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City as Gym: Take Back the Streets

That’s not a bike rack, it’s an ab machine.

WHERE: the Embarcadero, SoMa, Jack London Square, Downtown San Rafael.

7 Bench Hurdles (Suffer Meter: 3, Ass-Kicker): There are dozens of ways to get ripped using a bench. Find two benches near each other for over-under reps. Army-crawl under one, keeping your back flat and your abs engaged, then hurdle over the second bench by gripping the top of the bench with your hands, then squatting down and jumping over it, lifting with your hips. It combines strength with endurance and engages multiple muscle groups, so you can’t sleepwalk through it. The Long Modified Bench art installation (upper right) at the Exploratorium is perfect for this one. It makes you reconsider what’s possible with a bench—plus the ground is padded, and it’s set away from pedestrian traffic. —Pattee

8 Inverse Push-ups (Suffer Meter: 4, Beast Mode): Ah, the tried-and true push-up—which you can dress up or down for different results. Golden Gate Park has tons of scenic bench options. An inverted-T push-up will ignite your core: Start with your feet on a bench and your hands on the ground. Do a push-up; then open your chest for a side plank with one arm reaching to the sky, incorporating the core by forcing your body to stabilize. Repeat until you fall over. —Stevan Krstic, owner, Koi Fitness

9 Green-light Pull-ups (Suffer Meter: 2, Workin' It): Use stoplights as cues to speed up or slow down when you’re jogging along a long, flat street like Mission, stopping at each red light for a breather—and a set of pull-ups. The lowest bar on the light post is sturdy, round, and hand-friendly. This is also an easy exercise to work into your daily routine—while you’re waiting for the bus, or at each stoplight on your way to lunch. —Pattee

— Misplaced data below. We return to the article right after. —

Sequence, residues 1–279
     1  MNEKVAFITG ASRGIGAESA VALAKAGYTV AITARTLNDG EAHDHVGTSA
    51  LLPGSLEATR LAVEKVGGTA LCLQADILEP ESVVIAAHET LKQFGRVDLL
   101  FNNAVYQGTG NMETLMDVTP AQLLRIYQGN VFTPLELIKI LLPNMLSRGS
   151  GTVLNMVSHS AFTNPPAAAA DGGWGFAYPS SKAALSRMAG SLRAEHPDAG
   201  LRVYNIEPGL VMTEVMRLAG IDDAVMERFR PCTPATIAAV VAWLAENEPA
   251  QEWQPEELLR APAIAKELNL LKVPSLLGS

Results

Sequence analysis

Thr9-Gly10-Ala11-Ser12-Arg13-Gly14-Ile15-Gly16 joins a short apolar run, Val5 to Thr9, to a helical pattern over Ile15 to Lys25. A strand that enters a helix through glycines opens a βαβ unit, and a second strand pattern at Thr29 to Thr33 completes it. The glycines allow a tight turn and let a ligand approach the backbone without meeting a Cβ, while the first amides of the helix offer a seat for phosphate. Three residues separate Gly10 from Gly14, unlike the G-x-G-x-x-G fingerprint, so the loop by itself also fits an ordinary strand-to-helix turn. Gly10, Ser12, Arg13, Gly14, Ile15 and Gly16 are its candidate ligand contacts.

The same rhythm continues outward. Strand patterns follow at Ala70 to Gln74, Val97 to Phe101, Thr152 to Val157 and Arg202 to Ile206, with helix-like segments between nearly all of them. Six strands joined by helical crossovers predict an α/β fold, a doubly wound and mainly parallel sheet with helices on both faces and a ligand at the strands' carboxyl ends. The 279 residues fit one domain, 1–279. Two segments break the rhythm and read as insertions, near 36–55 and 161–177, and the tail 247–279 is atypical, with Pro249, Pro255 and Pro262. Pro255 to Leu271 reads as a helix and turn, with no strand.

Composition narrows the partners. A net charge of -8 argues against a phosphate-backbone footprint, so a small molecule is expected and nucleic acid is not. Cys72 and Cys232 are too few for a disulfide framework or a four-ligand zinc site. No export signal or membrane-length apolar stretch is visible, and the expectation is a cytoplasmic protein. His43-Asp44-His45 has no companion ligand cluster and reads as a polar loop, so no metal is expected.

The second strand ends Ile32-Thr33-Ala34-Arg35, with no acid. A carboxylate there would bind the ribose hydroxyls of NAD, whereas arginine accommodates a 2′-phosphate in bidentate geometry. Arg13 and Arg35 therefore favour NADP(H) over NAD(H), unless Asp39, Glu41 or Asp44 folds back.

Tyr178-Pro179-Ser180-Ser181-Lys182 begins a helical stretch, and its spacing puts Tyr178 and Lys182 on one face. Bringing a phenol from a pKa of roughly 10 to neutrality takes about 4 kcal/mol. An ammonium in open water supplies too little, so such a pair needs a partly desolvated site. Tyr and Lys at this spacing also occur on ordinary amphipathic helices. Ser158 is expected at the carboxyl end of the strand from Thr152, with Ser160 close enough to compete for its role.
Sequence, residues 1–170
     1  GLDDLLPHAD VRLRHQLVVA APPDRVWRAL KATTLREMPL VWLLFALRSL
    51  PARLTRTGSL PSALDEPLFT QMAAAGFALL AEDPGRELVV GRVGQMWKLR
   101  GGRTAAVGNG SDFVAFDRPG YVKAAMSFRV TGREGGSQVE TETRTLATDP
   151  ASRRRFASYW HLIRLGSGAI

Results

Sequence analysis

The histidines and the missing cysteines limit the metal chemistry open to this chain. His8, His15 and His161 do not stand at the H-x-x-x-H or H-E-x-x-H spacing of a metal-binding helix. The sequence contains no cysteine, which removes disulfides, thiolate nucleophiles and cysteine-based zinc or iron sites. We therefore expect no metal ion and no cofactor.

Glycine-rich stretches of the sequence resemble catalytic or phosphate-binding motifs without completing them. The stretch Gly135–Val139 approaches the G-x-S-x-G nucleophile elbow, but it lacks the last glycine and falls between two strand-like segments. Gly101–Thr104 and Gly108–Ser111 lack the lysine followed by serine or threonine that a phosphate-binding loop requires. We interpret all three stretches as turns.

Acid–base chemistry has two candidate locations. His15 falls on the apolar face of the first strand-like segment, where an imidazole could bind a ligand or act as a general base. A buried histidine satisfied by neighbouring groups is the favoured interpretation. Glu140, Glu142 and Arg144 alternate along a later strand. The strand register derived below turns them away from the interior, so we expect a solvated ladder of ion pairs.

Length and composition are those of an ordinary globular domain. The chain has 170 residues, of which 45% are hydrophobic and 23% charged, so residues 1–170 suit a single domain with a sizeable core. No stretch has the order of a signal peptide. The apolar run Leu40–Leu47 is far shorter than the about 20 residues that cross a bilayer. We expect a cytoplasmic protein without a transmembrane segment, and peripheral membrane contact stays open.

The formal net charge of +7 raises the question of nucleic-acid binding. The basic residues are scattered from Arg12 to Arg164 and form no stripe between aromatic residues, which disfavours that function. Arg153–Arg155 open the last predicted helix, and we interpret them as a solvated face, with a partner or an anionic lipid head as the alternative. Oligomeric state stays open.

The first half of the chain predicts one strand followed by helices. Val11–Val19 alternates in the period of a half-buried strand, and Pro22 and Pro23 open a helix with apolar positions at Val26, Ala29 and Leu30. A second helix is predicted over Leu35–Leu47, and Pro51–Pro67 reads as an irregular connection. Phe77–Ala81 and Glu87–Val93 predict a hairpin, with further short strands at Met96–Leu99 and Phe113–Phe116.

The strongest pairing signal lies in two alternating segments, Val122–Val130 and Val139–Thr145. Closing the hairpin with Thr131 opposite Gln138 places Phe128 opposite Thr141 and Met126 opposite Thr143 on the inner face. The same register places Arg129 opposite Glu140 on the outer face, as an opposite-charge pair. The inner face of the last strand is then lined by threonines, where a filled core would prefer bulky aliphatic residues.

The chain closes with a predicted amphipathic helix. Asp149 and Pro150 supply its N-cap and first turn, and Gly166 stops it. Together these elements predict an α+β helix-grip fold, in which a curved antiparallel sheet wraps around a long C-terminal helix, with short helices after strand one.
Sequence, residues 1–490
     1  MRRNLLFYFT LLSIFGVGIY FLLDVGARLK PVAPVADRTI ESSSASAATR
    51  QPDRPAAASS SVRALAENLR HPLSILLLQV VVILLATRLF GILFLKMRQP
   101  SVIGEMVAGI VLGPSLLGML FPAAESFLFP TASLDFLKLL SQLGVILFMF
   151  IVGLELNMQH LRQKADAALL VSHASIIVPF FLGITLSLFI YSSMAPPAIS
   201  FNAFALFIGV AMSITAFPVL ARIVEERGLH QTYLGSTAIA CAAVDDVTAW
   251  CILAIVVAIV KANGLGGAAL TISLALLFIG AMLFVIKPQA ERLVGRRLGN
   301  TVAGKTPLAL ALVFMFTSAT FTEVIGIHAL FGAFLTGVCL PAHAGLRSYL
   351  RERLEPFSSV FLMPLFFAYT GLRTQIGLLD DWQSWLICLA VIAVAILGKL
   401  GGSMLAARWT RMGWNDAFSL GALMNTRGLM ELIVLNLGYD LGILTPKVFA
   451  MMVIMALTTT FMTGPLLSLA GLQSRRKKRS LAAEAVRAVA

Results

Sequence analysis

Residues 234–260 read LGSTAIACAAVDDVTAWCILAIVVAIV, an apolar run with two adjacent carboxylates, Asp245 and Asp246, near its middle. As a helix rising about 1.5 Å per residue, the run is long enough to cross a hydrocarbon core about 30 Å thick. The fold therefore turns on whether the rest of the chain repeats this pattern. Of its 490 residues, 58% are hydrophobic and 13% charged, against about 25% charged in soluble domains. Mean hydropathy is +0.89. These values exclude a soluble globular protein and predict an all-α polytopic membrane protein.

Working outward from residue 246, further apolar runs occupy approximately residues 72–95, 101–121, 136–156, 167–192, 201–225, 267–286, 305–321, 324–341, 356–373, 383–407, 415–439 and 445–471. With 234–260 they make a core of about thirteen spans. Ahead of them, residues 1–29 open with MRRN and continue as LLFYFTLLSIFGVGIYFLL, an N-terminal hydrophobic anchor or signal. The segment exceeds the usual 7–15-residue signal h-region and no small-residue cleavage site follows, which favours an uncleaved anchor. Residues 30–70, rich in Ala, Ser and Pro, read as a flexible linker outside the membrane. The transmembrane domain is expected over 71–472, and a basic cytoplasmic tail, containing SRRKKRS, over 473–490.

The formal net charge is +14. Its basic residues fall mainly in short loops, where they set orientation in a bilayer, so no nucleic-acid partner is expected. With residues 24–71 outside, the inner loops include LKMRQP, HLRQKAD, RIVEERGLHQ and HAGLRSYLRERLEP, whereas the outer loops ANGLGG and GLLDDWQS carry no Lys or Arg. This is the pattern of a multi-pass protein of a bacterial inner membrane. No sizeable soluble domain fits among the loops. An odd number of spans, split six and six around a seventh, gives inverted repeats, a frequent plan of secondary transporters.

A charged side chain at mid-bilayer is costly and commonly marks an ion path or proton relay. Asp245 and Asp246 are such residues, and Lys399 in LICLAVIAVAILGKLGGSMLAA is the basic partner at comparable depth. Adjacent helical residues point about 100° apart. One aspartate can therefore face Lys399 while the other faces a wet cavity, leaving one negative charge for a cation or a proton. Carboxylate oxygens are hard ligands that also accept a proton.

10 Bike Rack Dips (Suffer Meter: 2, Workin' It): A simple triceps dip on an empty bike rack instead of a bench allows you to sit deeper, firing up your triceps more intensely. There are a few different bike rack shapes in the city—look for the angled ones that are about hip height or the round ones, which you can grip at the apex. The Castro has a lot of them. Hold firmly with your knuckles facing out. You can modify your leg position, either bending your legs with your knees at 90 degrees (easier) or keeping your legs straight with your heels on the ground (harder). —Mike Giometti, owner, Mike’s Bootcamp

11 Battery Circuits (Suffer Meter: 2, Workin' It): The old military batteries at Baker Beach and in the Marin Headlands function as all-in-one circuit training centers. They’re usually empty, and the walls block the coastal wind and have ledges for free-form climbing. Plus, they offer steps for running up and bars for pull-ups or triceps dips, and they’re a stone’s throw from miles of running trails. —Esquivel

12 Pier Intervals (Suffer Meter: 2, Workin' It): Use the piers along the waterfront to curate a high intensity interval workout. Start at the Ferry Building for round one of Bulgarian split squats—think lunge position, but with your back leg elevated on a low ledge. Steadily lower down and rise back up again to work your glutes. Then do a set of one-armed push-ups on the guard rails and box jumps on the cement blocks that line the Embarcadero. When you’re ready, move on to the next pier by way of a grapevine through the crowds for your next set of intervals. —Catherine Wohlwend, Bootcamp SF

Veer off-road: Trails and trees over treadmills and weights (Exercises 1-6)
Take back the streets: That’s not a bike rack, it’s an ab machine (Exercises 7-12)
Stairways to hell: Gaining power is literally an uphill battle (Exercises 13-18)
Reclaim Recess: Playgrounds make the best obstacle courses (Exercises 19-24)
Kick up some sand: The beach as resistance band (Exercises 25-30)
Boot Camps Unlimited: All the trainers in one place

Originally published in the January 2014 issue of San Francisco

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